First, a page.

Community colleges to accept applications for associate degrees

Priscilla Jebaraj

IGNOU to implement the concept through 200-odd colleges

Until recently, community colleges were largely ignored by formal education system

TNOU has recognised 118 community colleges as its vocational programme centres

CHENNAI: From the coming academic year, community colleges across the country will accept applications for two-year degree programmes, called associate degrees.

The Indira Gandhi National Open University (IGNOU) plans to introduce the concept in a few months and implement it through the country’s 200-odd community colleges, according to Xavier Alphonse, Director of the Indian Centre for Research and Development of Community Education (ICRDCE) and chairman of the University Grants Commission committee on community colleges. “This is the only way to increase enrolments from the current 10 per cent,” said Dr. Alphonse.

Until recently, community colleges were largely ignored by the formal education system. In recent years, however, there have been efforts to bring these institutions, which train school drop-outs, especially among the urban, rural and tribal poor and women, into the mainstream.

The Tamil Nadu Open University has recognised 118 community colleges as its vocational programme centres for the last two years. In May 2008, the State government issued an order recognising the community college system itself and formally bringing it under TNOU. As many as 83 community colleges across the State have applied for recognition and are expecting their approvals to come through from TNOU later this month, according to Dr. Alphonse.

At a national level, the Eleventh Five Year Plan’s Working Group on Secondary and Vocational Education had recommended that recognition be granted to the community college system and a final decision is expected from the Ministry of Human Resource Development soon. The State government order had also detailed a credit-based vertical mobility scheme using bridge courses to allow community college students to become eligible for Class 10 and 12 qualifications. The associate degree programme by IGNOU is the next step in this attempt to bring community college education into the mainstream, says Dr. Alphonse. Having completed the two-year degree, students would be qualified for a number of professions or for lateral entry into the third year of a regular degree programme.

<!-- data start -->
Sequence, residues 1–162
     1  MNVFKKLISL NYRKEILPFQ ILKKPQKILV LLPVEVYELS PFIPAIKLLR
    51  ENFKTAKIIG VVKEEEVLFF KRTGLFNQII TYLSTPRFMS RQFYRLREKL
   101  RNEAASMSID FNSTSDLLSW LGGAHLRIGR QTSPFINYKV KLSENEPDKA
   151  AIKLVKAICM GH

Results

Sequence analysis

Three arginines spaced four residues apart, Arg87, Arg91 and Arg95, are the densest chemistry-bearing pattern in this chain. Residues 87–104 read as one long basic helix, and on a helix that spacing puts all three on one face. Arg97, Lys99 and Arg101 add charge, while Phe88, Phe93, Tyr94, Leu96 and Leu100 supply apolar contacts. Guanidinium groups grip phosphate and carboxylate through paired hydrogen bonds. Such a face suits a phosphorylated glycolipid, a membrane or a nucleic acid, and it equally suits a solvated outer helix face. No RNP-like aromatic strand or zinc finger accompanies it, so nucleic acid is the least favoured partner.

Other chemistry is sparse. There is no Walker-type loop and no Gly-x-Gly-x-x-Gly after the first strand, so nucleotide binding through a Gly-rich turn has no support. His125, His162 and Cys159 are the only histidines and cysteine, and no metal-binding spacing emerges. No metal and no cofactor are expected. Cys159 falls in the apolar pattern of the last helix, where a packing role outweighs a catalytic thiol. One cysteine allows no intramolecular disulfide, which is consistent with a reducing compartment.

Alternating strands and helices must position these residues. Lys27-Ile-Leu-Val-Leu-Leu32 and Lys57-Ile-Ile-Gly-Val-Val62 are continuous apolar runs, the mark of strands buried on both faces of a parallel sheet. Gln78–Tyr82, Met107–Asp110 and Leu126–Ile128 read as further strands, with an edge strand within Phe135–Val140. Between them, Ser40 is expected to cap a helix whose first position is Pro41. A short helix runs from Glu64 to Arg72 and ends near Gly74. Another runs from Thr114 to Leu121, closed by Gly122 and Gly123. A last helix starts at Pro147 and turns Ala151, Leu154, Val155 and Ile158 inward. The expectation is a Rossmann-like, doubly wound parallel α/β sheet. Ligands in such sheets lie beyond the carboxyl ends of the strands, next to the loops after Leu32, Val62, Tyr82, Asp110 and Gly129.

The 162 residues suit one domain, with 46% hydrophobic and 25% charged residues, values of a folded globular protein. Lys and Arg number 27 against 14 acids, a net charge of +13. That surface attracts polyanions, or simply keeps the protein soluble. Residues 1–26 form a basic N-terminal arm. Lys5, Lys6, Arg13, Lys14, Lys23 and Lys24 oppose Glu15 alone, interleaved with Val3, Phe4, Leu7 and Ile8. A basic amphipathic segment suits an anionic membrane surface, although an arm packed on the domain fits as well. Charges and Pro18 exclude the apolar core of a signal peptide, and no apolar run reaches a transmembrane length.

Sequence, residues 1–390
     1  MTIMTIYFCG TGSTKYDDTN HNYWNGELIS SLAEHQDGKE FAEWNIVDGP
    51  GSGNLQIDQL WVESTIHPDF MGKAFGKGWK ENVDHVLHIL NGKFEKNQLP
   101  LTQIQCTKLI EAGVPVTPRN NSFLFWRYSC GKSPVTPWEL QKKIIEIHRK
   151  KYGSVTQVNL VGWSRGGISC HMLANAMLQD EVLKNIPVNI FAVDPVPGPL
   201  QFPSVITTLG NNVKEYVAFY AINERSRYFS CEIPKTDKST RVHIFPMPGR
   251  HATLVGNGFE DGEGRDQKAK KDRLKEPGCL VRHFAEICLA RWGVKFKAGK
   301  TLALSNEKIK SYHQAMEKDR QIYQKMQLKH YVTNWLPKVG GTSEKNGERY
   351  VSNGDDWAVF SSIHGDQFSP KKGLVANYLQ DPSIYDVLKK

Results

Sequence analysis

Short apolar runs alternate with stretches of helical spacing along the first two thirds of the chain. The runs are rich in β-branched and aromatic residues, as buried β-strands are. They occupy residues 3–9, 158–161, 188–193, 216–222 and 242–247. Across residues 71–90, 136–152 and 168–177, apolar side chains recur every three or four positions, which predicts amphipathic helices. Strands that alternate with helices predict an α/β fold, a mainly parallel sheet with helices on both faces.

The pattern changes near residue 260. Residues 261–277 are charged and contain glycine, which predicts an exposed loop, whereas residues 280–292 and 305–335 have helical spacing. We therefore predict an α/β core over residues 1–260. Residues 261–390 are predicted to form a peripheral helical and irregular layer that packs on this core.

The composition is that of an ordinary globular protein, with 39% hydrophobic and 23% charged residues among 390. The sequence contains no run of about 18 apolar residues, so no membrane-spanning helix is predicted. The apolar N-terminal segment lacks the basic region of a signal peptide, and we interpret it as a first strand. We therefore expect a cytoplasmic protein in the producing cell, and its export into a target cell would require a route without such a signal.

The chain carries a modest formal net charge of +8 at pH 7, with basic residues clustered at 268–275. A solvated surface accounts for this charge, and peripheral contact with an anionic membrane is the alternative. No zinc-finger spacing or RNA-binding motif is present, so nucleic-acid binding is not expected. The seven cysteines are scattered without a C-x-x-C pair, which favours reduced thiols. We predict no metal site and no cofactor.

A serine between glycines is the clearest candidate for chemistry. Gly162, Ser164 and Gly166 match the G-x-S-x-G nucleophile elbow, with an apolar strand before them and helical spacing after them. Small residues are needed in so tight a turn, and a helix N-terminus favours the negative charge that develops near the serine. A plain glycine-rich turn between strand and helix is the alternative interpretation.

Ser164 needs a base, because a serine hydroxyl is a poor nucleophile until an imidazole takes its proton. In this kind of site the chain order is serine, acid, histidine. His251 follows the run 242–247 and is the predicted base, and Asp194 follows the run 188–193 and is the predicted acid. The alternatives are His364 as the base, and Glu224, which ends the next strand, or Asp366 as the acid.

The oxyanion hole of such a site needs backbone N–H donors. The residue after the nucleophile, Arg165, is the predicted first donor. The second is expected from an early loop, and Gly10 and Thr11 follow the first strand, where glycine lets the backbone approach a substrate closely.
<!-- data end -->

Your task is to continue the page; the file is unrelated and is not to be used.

The Eleventh Five Year Plan has allocated Rs. 100 crore to community colleges under the new schemes section, according to Dr. Alphonse. The money is to be disbursed through a system of “accountability and relative funding”, he said. This means that of the Rs. 15,000 that it takes to train a community college student, only a third would be given to the institution at the time of enrolment. Another third would be handed out halfway through the course, and the final Rs. 5,000 would only be given after the student has been placed in a job. Rather than creating a new agency to oversee community colleges, the Ministry is exploring various existing mechanisms to recognise and fund these institutions.

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